Picard, a trustee in bankruptcy, launched proceedings under the anti-avoidance provisions of the US Bankruptcy Code against Vizcaya, a BVI investment fund which had invested approximately $330m with Bernard Madoff via his New York firm. Prior to his fraud being discovered in late 2008, Vizcaya had been repaid $180m.Picard obtained a judgment against Vizcaya and its shareholders in the New York Bankruptcy Court. The judgment against Vizcaya was for $180m, $74m of which had been transferred to its Gibraltar holdings. Following the New York judgment, Picard made a claim for the enforcement of the judgment against Vizcaya in Gibraltar.

In the present appeal, the Privy Council had to consider the precise content and scope of the rule that a foreign default judgment is enforceable against a judgment debtor who has made a prior submission to the jurisdiction of a foreign court. Vizcaya argued that the question whether there is a jurisdiction agreement in the contract is a question of contractual interpretation, and that any such agreement must be express (which it claimed it was not) or at any rate cannot be implied.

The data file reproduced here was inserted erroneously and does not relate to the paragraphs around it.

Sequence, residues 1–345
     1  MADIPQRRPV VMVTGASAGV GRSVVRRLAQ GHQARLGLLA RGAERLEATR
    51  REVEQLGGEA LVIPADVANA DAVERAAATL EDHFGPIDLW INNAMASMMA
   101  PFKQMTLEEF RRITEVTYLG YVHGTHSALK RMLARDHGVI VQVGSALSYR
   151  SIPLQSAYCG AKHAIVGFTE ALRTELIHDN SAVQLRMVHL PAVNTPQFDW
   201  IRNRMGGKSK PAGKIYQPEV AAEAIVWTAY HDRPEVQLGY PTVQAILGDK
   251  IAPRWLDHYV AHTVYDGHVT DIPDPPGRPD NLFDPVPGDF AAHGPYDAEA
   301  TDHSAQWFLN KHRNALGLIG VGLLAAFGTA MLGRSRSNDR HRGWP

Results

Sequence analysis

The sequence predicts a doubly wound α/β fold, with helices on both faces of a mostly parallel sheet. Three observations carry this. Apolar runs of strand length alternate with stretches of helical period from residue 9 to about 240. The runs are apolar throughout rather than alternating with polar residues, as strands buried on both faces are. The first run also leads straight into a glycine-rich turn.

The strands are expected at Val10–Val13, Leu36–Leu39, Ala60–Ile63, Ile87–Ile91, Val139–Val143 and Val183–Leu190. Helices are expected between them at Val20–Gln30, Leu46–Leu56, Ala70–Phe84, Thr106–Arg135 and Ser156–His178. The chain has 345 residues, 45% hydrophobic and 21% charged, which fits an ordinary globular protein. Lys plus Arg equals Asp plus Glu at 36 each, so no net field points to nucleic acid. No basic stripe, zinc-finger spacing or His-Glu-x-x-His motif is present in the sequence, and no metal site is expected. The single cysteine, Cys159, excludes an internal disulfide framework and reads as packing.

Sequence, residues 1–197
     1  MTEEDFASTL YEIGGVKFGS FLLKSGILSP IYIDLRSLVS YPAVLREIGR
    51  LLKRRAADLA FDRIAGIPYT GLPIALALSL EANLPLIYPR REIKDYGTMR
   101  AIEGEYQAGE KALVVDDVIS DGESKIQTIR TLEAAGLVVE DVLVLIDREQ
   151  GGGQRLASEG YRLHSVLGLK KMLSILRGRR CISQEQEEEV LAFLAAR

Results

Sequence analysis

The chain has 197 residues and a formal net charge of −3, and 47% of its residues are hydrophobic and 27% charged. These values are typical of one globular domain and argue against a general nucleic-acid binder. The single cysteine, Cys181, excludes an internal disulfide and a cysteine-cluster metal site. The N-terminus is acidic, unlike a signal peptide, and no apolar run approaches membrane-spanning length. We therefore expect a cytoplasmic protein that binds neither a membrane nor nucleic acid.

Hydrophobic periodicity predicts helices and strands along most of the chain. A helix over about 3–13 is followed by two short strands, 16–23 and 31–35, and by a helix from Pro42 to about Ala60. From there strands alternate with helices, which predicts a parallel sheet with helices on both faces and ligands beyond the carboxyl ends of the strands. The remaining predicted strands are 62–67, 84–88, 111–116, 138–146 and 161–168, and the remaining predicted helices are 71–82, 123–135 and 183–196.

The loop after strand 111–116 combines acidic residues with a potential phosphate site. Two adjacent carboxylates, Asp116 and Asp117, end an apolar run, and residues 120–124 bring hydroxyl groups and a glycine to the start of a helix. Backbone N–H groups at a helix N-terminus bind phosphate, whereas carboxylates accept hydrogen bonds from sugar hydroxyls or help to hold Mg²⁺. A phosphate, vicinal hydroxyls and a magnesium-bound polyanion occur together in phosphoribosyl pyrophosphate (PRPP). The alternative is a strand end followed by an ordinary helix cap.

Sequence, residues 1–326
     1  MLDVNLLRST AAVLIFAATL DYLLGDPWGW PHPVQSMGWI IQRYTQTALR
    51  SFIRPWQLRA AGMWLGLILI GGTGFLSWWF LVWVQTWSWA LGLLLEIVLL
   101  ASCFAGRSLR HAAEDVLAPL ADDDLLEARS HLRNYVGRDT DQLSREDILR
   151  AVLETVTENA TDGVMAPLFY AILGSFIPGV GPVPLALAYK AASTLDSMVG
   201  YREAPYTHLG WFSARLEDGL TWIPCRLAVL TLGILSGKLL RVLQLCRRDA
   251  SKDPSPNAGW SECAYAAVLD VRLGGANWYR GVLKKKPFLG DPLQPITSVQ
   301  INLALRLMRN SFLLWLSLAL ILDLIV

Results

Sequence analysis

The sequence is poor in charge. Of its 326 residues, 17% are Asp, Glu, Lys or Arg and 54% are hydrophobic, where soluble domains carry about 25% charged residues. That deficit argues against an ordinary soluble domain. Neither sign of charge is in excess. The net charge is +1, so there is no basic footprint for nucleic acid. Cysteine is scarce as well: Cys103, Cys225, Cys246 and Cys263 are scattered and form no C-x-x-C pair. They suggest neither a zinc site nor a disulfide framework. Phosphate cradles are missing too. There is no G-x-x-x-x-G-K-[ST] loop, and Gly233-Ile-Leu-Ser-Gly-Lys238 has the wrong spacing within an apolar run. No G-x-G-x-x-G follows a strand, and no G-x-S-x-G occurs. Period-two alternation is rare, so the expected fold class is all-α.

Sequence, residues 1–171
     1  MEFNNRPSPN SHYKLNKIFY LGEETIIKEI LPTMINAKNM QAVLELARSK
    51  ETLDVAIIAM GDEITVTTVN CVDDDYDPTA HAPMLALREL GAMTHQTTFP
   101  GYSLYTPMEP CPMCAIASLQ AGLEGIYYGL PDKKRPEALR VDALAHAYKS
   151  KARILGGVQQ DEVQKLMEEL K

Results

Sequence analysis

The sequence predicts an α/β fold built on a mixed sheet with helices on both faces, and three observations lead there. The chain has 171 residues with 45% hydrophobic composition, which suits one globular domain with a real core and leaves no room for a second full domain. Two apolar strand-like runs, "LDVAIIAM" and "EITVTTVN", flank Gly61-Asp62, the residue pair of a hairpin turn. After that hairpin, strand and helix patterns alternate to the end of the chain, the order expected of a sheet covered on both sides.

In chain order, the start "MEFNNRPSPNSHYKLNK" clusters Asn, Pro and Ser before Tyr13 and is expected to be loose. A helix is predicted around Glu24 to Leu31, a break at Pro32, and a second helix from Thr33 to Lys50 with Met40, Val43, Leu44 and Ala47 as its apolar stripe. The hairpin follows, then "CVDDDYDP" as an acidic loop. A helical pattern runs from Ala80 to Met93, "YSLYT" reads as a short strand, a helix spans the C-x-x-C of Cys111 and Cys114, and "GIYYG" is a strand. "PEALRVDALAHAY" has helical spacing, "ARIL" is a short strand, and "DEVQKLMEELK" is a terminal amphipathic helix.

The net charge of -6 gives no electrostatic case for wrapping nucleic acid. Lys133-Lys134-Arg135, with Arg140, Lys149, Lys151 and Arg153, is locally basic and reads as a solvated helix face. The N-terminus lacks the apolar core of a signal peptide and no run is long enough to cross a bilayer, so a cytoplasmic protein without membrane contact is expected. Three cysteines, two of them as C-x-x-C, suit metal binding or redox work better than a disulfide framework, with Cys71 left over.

Held

Despite conflicting authority at common law as to whether an agreement to submit to a foreign jurisdiction can be implied, the court held that no such term was implied as a matter of fact or law. The court explained that for a term to be implied as a matter of fact, the trustee would have to adduce evidence of New York law not on what the contract meant inter partes, but on some wider rule of construction that its terms as to choice of law amounted to a choice of jurisdiction. For a term to be implied as a matter of law, expert evidence must have shown what relevant terms are implied under New York law. The court concluded that in any event, a jurisdiction agreement does not usually affect the bringing of insolvency proceedings since they are ancillary to the dispute under the original contract.